I wrote a Tweet today about how I felt. It said… ‘Success is so often a mirage. The journey is so much more important than the destination.’
In response I received an anonymous message today that put into words with more eloquence than I can muster…
(note the YouTube clip above is from the soundtrack to ‘Crimson Tide’, the first half of which is what we loved Tony Scott for – bombast! – the second half being a hymn)
I think that the importance of focusing on the journey cant be underestimated. There are many reasons for this, perhaps the most important one is that the destination doesn’t actually exist.
As filmmakers, we work so hard, push so much, squeeze everything we have, make sacrifices – all to get to THAT PLACE. Nerves become frayed, pressure mounts, visions blur – all because we try, relentlessly, to get to THAT PLACE.
But – there is no ‘place’. We may think there is – most commonly for folk like us, it is making feature films for a living. But a destination is a finite thing – and who really would stop once they have made a feature film? It would just be a continuation of the journey that we are ALREADY ON.
I see so many filmmakers with panda-eyes, wearing themselves down, worrying that they are running out of time. They are unaware that they are already DOING IT. If only they could stop for a moment and smell the roses.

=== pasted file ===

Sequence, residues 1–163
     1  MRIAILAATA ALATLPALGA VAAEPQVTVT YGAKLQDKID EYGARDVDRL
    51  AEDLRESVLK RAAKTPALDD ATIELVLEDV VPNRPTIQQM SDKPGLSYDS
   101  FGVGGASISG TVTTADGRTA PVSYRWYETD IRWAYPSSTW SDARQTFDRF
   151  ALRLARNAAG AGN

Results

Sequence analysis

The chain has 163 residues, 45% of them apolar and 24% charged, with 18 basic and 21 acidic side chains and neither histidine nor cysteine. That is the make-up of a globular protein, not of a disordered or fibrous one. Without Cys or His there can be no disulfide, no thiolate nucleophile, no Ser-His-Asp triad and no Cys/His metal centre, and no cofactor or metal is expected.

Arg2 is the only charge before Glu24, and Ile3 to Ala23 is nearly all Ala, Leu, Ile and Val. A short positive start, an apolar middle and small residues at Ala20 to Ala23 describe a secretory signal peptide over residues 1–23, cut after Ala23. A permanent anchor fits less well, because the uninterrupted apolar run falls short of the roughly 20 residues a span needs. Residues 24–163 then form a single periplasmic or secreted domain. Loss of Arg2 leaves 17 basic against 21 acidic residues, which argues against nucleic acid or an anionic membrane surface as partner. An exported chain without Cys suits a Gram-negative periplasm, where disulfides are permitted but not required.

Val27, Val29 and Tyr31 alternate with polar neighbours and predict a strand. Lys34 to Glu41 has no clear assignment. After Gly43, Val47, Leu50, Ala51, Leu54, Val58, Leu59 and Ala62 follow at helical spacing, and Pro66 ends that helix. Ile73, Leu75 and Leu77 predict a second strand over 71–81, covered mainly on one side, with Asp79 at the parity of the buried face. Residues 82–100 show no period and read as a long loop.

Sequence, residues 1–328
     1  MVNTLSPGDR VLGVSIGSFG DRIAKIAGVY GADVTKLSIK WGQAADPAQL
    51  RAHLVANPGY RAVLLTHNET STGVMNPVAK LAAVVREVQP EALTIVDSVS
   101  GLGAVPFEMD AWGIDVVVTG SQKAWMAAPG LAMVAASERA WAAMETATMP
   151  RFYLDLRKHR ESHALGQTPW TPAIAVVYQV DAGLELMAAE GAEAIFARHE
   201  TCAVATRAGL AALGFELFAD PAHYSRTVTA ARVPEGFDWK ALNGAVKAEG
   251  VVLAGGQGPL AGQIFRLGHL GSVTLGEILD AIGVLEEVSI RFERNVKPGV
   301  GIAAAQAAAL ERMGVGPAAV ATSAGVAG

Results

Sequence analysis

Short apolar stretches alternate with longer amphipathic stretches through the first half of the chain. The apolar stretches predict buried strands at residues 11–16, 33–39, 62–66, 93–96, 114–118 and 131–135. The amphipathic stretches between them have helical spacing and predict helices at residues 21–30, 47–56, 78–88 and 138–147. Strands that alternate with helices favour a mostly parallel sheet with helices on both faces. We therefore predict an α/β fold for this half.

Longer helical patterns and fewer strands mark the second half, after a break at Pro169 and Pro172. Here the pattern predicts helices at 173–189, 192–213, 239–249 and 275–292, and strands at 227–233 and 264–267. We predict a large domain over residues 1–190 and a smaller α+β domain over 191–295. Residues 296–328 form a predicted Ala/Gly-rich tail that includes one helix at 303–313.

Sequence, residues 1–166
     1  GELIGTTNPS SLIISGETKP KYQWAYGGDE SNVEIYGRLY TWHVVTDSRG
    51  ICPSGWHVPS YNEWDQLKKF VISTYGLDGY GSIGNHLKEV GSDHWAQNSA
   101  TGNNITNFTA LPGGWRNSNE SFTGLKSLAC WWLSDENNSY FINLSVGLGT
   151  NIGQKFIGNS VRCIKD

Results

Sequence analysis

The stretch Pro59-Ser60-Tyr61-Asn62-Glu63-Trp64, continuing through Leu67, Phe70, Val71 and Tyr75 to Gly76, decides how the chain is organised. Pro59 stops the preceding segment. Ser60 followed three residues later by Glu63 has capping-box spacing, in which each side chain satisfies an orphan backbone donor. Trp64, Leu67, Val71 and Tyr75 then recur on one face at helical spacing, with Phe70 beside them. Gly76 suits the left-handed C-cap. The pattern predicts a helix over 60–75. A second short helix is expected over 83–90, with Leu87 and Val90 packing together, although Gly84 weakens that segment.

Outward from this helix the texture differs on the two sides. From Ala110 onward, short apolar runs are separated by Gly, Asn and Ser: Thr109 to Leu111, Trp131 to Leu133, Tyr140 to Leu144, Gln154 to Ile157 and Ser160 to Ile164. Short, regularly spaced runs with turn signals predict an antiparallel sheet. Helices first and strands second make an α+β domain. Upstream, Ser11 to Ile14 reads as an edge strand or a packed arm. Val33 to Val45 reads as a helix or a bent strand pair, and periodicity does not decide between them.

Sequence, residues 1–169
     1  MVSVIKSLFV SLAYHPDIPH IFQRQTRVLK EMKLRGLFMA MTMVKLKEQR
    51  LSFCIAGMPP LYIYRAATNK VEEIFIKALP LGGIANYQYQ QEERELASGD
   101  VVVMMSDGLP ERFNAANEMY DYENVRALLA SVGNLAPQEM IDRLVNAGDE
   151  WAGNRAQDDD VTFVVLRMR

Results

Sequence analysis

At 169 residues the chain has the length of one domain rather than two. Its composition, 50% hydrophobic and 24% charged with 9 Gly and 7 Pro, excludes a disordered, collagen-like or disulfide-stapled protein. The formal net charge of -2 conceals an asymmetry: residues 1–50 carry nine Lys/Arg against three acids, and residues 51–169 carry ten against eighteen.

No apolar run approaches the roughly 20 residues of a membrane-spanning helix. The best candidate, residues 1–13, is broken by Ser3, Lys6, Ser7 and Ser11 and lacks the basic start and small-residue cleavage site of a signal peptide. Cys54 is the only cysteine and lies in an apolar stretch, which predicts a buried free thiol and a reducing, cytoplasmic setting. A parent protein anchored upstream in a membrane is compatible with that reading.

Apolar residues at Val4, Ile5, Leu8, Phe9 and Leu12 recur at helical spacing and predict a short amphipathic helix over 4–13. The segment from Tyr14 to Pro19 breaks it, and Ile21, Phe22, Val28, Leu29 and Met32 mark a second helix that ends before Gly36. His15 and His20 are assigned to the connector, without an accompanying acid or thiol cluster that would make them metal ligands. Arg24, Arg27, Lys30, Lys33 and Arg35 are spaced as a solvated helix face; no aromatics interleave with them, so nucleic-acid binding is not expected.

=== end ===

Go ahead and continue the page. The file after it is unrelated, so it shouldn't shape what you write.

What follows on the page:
I have actually stopped thinking about myself as a filmmaker – preferring ‘a person who makes films’. The change in syntax is slight, but very important. We are more than filmmakers – we have other dimensions. Other passions. More strands to our personalities and lives than folk who only scribble and hold a camera at people acting out those scribbles. We are not what we do. The danger of identifying too closely with our profession, any profession, is that a person will lose their sense of identity – lose a sense of who they are. So, if things don’t go as they hope with that one thing, they paint their entire selves with that failure. But we are not what we do. Believing that we are, losing ourselves and then being brought down because of that attachment is sad. In fact, there are not many things more tragic than that, in my opinion.
I care about other people. I care about other people that make films. Even the ones that I don’t know. But then again, knowing others isn’t important. To care about others you dont need to know other people, you only need to know yourself.
The key is living in the here and now. Not obsessing or resenting things in the past, or stressing about the future. We experience everything in the now. I think it is right that we spend as much time in the now as we can.
If we do this, then we will realise that the journey is all that counts.
It isn’t my place to comment on why Tony Scott did what he did – and the purpose of this email is certainly not to speculate – but maybe some people will read this and it will make sense.
The author has asked to remain anonymous. Thank you for writing and sharing.
Onwards and upwards!